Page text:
With the Psychological RISc Screen, you can assess the psychological risk of job candidates before they join your workforce. Additionally, you can monitor the mental health of your current employees to ensure their well-being is being looked after. Our aim is to help you create a safe and healthy work environment for all employees.

Adjustment to Injury Counselling

Adjustment to injury counseling is a type of therapy that helps individuals cope with the physical, emotional, and psychological effects of an injury or illness. The counseling is typically provided by trained professionals, such as psychologists or counselors, who specialize in working with individuals who have experienced physical or mental trauma.

The goal of adjustment to injury counseling is to support individuals in developing effective coping strategies and skills to manage the challenges associated with their injury or illness. The counseling may involve providing emotional support, helping individuals manage pain, addressing depression or anxiety related to the injury, and providing guidance on lifestyle changes needed to aid in recovery.

Psychological Injury Management

Psychological injury management is a process that involves addressing and managing the psychological impact of an injury or illness on an individual. It focuses on the psychological well-being of the individual and aims to support them in recovering from their injury or illness.

The aim of psychological injury management is to help individuals recover from their injury or illness and return to their pre-injury level of functioning. This may involve developing a return-to-work plan, making workplace accommodations, and collaborating with healthcare professionals, employers, and insurers to support the individual’s recovery.

Effective psychological injury management can help reduce the impact of psychological harm caused by an injury or illness and improve an individual’s overall well-being, leading to better outcomes for both the individual and the organization they work for.

Psychological Capacity Evaluation

A Psychological Capacity Evaluation (PCE) is an assessment that evaluates an individual’s psychological health and ability to perform their job safely and effectively. It also measures an individual’s cognitive and psychological capacity with respect to their role. The evaluation is conducted by a KINNECT Psychologist and provides a baseline measurement of an individual’s current symptoms and fitness for work. KINNECT’s Registered Psychologists, who have extensive experience in workplace rehabilitation, injury management, and psychological injury counseling, conduct the evaluation.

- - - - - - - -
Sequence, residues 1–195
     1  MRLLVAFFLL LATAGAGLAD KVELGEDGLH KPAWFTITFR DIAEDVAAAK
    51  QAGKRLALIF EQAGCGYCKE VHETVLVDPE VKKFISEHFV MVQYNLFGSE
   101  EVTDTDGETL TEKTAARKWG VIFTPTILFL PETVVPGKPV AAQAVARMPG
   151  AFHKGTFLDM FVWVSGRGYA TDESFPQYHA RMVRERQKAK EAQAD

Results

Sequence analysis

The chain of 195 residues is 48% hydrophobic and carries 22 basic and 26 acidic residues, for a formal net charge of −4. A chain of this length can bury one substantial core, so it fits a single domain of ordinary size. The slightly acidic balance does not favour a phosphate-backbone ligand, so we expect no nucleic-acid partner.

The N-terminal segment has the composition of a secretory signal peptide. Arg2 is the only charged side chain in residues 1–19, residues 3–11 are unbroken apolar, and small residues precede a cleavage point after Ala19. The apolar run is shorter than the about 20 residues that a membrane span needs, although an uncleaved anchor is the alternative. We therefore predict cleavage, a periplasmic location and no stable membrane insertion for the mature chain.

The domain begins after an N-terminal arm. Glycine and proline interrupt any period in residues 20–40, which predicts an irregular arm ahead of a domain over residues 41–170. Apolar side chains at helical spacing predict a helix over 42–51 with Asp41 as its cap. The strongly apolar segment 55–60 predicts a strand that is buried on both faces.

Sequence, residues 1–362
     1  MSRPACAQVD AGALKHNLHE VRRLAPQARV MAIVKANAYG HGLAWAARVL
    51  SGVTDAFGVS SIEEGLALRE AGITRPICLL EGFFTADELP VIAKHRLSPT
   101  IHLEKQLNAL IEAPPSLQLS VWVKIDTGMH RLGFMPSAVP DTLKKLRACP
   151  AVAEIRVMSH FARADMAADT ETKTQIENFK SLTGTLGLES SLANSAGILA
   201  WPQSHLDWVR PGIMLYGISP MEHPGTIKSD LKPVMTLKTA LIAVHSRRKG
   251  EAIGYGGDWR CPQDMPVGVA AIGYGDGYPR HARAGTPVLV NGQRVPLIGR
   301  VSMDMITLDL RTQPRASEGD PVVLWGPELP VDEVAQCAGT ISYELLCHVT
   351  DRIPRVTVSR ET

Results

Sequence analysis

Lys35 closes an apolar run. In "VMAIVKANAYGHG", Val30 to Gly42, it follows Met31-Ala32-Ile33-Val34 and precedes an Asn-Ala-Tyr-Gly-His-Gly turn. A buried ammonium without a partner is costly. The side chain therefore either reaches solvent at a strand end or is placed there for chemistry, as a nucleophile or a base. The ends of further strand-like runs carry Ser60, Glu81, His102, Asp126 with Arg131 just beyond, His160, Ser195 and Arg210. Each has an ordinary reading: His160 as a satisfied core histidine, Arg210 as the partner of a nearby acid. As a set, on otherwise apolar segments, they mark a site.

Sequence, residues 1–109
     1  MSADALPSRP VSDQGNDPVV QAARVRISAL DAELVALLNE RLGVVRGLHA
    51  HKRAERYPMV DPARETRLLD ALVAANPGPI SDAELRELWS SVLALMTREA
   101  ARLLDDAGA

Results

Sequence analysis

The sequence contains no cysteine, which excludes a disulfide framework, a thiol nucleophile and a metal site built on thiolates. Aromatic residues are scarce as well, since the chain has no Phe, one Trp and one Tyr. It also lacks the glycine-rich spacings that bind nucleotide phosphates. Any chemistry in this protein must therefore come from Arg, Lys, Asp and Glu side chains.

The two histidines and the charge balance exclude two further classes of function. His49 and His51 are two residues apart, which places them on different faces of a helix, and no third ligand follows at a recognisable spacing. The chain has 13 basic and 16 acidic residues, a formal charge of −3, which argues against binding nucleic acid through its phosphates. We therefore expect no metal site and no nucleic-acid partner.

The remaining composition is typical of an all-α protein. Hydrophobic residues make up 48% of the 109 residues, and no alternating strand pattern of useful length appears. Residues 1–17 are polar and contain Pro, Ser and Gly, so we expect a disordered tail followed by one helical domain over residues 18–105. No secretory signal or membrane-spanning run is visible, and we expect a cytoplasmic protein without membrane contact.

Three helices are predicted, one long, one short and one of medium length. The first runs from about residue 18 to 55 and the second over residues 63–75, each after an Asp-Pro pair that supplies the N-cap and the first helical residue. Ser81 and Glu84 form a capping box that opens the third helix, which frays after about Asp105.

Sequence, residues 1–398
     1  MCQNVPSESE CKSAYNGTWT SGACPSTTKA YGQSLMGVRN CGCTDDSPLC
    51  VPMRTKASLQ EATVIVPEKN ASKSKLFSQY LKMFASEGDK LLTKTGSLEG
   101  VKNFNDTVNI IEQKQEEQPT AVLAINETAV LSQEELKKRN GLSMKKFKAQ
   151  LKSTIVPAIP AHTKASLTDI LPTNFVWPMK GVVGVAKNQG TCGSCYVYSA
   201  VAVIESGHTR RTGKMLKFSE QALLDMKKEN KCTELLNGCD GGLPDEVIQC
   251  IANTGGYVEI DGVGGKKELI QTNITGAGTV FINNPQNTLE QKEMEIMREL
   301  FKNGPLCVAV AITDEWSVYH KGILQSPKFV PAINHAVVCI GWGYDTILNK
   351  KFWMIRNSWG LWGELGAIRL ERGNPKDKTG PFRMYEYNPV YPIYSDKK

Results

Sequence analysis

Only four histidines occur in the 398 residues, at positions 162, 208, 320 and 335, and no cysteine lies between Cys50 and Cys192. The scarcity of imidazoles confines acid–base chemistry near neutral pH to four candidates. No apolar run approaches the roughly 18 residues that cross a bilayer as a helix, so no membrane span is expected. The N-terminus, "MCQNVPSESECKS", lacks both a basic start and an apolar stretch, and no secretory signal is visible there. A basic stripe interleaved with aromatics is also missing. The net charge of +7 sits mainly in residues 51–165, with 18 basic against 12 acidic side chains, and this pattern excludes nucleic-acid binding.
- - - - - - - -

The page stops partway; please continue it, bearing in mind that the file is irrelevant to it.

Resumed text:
Physical Conditioning Programs

Physical activity can be an effective form of treatment for psychological injuries. Regular exercise has been shown to improve mood, reduce anxiety and depression, and promote overall mental health. Physical activity can also help individuals manage the physical symptoms of psychological injuries, such as chronic pain or tension.

In addition to the mental and physical health benefits, physical activity can also provide a sense of accomplishment and purpose, which can be especially important for individuals struggling with psychological injuries. Exercise can help individuals build self-esteem and confidence, and promote a sense of control over their bodies and their lives.

Blogpost: How KINNECT can help your business to manage psychosocial hazards

Further Resources

In addition to the new model WHS Regulations and Code of Practice from SafeWork Australia, each state and territory has published a Code of Practice and toolkit resources.

Use the links below to find resources specific to your jurisdiction.


We’re are here for you

Our diverse multi-disciplinary team includes KINNECT Psychologists and Rehabilitation Counsellors who can support your employees.

We believe in the power of good work.

There are powerful benefits that ‘good work’ can provide in supporting an injured worker’s recovery. That’s why recovery at work forms an integral part of our approach.